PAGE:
Locally Developed Medical App wins Global Big Impact Award
The Mobile Premier Awards is the largest Global cross-platform app showcase and competition in the mobile industry, providing a point of reference for the startup and app community during the Mobile World Congress, the biggest conference on Mobile Technology in the world. The 9th edition of the Mobile Premier Awards took place in Barcelona on March 2, 2015 and featured winning apps from AppCircus events and AppCircus challenges from 2014.
460 apps from all around the world compete in on-stage pitching competitions during AppCircus Challenges throughout 2014. The Mobile Triage App won the African AppCircus challenge, at the Mobile Web Africa 2014, and qualified for the finals in Barcelona this year, wherein 16 Finalist apps competed and are judged by a panel consisting of experts from Intel, Google and Amazon.
The Mobile Premier Awards grants 3 accolades for the Overall Top app, Audience award as well as the Big Impact Award. The Mobile Triage app won the Big Impact Award as the app with the most impact potential. As a result, the app was showcased live on the National Spanish Telvision Channel, BTV.
The Mobile Triage app was developed by The Open Medicine Project, a Cape Town based organization based at the Barn in Woodstock, founded by South African Doctors Yaseen Khan and Mohammed Dalwai. The company has produced a number of top medical apps which are used by over 30 000 (thirty thousand) healthcare providers around the world.
The Mobile Triage app is based on the South African Triage Scale (SATS), which is also used in many countries throughout the world, as it is a triage score designed for low-resouce settings. Triage is the process of sorting patients according to urgency in Emergency Settings, such as a hospital Emergency Room. It is vital that ill patients are indentified timeously and prioritized accordingly especially in busy emergency centres with a high influx and volume of patients. Devastating delays in treatment can occur if this is done incorrectly.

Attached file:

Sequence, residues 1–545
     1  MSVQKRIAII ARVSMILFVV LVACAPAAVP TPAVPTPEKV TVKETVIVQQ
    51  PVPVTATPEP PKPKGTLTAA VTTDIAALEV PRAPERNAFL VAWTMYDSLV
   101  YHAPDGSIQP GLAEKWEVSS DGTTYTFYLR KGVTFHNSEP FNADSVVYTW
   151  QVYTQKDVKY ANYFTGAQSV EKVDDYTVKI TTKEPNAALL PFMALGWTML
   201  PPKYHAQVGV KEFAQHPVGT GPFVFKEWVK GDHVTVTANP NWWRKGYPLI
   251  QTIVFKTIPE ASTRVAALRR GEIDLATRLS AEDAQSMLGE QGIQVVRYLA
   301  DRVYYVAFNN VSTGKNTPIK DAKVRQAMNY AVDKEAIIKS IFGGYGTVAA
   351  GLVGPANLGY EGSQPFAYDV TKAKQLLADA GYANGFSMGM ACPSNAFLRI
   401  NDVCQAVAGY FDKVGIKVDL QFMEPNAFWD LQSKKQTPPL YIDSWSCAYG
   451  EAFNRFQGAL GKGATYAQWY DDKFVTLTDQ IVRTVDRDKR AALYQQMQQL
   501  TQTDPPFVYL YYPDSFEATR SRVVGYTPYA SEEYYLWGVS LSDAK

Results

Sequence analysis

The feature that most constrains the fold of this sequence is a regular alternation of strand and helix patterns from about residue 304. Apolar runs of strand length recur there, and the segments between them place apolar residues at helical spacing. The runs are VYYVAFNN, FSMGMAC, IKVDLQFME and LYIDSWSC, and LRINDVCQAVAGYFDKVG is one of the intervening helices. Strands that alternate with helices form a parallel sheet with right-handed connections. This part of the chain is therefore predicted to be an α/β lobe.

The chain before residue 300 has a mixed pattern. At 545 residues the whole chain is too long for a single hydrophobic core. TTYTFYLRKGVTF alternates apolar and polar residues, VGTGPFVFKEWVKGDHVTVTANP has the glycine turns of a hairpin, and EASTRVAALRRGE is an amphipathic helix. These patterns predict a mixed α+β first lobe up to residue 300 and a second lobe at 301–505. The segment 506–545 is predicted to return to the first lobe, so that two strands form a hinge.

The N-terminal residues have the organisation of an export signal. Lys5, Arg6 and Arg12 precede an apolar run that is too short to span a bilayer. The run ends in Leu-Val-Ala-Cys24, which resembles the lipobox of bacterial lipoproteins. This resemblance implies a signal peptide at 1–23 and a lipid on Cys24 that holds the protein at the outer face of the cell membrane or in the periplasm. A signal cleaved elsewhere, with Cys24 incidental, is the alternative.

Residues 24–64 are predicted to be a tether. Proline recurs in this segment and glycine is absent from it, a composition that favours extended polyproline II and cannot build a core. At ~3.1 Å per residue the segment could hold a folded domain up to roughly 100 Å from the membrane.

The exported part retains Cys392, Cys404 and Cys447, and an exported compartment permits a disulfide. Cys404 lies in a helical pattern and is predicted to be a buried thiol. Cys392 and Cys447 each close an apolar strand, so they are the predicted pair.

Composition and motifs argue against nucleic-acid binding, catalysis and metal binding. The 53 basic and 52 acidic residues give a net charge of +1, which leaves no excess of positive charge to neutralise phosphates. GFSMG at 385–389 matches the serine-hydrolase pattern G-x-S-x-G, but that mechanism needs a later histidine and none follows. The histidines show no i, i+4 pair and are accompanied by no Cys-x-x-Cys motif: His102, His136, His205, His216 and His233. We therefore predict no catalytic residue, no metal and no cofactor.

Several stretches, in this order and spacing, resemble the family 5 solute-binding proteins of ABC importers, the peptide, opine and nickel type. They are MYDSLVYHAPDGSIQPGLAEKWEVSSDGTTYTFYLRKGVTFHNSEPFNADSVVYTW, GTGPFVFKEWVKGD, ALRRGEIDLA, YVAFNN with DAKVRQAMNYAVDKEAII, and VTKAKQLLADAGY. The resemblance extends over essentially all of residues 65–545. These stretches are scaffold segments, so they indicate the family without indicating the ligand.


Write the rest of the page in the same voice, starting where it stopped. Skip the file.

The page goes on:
The Mobile Triage app allows healthcare workers to perform triage accurately, efficiently and safely by facilitating the identification of danger signs and symptoms, and colour codes patients according to priority as either Green, Yellow, Organge or Red. Additional features of the App now enable the calculation of Emergency drug dosages for children requiring resuscitation, as well as the shock-index, as an early indicator of shock in patients. Additonally, the app is enabled to generate important data on patient numbers, demographics, acuities which are vitally important for health facility managers. The app and system is also applicable to both the private and public sector and can be used by all levels of healthcare workers.
The Mobile Triage app was also piloted at Khayelitsha District Hospital in Cape town, in the Western Cape, during 2013 for 6 months where 1300 patients were triaged and an 88% increase in compliance to the SATS system was observed, indicating a significant upturn in accurate triage as well as a 50% decrease in triage time.
The Mobile Triage app and other initiatives by The Open Medicine Project seeks to support and facilitate the provision of timeous, quality and affordable healthcare services for citizens as a key National priority identified by the South African government. The Mobile Triage project is funded by the South African Medical Research Council (MRC), Strategic Health Innovation partnership (SHIP).
TOMPSA is currently situated at the Bandwith Barn who has provided mentorship and office space.